Spanberger Helps Introduce Bicameral Legislation to Remove Deadline to Ratify Equal Rights Amendment, Build On Virginia’s Progress

In January 2020, Virginia Became the 38th and Final State Needed to Ratify the ERA

WASHINGTON, D.C. — U.S. Representative Abigail Spanberger yesterday joined lawmakers in the U.S. House and U.S. Senate in introducing legislation to remove the deadline for ratification of the Equal Rights Amendment (ERA) to the U.S. Constitution.

In January 2020, Virginia became the 38th state to ratify the amendment — meaning the ERA met the final legal requirement for ratification under Article V. This legislation would remove the time limit preventing the ERA from officially becoming the 28th Amendment to the U.S. Constitution.

“There must be no deadline on equality,” said Spanberger. “Advocates in Virginia and across our country have led a decades-long push to guarantee constitutional protections against sex discrimination through the Equal Rights Amendment. Generations of mothers, daughters, sisters, and granddaughters have pushed the boundaries of progress for women in the Unites States to get us to where we are now — only to have their lasting achievement blocked by an arbitrary deadline. But Congress has the power to remove that very deadline, and we are long overdue for action.”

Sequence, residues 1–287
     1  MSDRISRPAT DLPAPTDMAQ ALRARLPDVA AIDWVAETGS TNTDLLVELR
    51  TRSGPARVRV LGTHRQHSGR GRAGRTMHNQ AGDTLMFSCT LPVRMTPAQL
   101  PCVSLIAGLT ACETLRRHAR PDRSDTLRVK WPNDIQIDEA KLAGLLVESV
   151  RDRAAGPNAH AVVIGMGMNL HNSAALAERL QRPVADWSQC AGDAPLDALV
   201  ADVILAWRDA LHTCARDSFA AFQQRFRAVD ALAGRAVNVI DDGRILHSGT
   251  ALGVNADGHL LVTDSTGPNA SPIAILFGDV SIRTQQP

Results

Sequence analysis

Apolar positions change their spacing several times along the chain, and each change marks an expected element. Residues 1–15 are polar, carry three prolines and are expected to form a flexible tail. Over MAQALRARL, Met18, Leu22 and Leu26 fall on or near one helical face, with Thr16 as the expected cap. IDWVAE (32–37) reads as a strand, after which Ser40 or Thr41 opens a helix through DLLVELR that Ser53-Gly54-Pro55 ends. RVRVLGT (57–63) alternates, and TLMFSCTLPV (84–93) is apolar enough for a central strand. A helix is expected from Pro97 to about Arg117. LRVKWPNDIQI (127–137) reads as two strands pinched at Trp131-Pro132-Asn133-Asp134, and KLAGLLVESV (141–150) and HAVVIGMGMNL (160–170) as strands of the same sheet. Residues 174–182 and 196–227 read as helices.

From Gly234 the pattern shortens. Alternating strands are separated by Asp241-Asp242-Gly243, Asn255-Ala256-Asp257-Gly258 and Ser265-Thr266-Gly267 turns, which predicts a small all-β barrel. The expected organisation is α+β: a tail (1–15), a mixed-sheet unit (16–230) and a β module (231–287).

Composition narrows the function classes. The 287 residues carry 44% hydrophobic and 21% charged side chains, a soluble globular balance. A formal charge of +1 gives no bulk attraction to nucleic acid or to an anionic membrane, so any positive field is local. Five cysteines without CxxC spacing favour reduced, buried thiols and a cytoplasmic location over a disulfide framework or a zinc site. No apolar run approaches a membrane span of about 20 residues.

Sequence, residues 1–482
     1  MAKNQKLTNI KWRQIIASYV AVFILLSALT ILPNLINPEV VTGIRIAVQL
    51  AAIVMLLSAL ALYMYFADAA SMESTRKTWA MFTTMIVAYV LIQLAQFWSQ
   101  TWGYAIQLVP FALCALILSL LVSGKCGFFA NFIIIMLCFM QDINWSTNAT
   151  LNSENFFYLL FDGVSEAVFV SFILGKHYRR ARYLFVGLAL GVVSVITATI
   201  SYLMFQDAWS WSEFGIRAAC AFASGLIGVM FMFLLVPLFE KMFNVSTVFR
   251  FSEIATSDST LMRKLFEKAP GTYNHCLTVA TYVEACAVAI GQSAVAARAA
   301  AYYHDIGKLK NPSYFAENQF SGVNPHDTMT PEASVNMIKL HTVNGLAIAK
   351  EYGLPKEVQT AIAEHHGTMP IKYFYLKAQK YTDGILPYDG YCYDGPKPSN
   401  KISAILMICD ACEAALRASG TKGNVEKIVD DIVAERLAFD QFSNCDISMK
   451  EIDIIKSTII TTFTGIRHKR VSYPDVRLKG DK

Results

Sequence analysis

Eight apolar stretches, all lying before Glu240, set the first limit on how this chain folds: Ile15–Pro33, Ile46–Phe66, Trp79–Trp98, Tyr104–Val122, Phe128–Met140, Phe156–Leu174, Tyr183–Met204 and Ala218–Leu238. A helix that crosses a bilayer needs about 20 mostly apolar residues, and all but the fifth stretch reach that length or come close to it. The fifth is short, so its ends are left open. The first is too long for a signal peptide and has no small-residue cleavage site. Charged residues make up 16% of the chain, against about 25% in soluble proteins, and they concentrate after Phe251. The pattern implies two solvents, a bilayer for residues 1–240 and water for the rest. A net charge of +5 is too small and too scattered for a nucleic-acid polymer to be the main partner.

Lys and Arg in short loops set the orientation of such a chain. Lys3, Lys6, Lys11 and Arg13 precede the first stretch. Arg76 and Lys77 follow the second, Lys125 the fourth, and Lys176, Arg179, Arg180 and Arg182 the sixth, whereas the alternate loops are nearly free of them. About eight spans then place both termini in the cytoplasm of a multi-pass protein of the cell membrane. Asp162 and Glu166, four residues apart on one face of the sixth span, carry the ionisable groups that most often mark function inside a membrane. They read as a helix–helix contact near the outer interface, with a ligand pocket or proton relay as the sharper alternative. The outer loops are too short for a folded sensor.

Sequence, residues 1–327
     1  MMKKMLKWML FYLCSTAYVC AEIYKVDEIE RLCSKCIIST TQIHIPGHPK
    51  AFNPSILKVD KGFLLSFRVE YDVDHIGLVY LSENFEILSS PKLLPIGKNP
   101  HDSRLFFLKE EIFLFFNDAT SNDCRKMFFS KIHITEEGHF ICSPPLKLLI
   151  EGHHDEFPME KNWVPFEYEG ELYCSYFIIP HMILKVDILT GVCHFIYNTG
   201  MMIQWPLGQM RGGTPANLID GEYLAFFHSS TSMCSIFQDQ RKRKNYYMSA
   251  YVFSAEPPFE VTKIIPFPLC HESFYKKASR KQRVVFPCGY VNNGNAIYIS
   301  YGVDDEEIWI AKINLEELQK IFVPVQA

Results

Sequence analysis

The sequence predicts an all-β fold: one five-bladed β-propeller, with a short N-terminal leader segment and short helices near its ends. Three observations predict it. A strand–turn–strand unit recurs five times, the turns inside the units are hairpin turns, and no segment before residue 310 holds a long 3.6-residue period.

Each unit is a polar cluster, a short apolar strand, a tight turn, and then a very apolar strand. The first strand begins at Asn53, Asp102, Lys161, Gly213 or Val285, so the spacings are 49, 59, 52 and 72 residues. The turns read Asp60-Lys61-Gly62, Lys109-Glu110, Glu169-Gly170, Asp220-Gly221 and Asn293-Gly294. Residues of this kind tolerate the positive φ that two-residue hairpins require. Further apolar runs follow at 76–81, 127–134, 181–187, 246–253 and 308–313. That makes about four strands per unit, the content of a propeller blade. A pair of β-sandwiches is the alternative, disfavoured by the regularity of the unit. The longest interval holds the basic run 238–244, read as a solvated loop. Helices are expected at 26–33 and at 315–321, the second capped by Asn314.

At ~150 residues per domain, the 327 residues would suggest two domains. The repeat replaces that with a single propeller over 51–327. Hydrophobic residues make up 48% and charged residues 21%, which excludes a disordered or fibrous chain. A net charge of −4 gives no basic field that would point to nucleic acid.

Spanberger continued, “Equal rights must never be denied under law on account of sex, and I’m proud to once again help lead this effort to help enshrine the Equal Rights Amendment as the 28th Amendment to our Constitution.”

Although Article V of the Constitution contains no time limit for ratifying amendments, when Congress passed the ERA in 1972, it included a non-binding seven-year ratification time limit in the preamble of the joint resolution. This time limit was later extended for an additional three years, and by 1982, 35 out of the required 38 states had voted to ratify the amendment. Because the time limit was included in the preamble, not the Amendment ratified by the states, it must be understood to be non-binding.

The resolution is cosponsored by 137 Members of the U.S. House of Representatives and 46 U.S. Senators. Spanberger was an original cosponsor of a similar joint resolution last Congress — which the Congresswoman voted with a majority of the U.S. House to pass in March 2021.

Click here to read the resolution.


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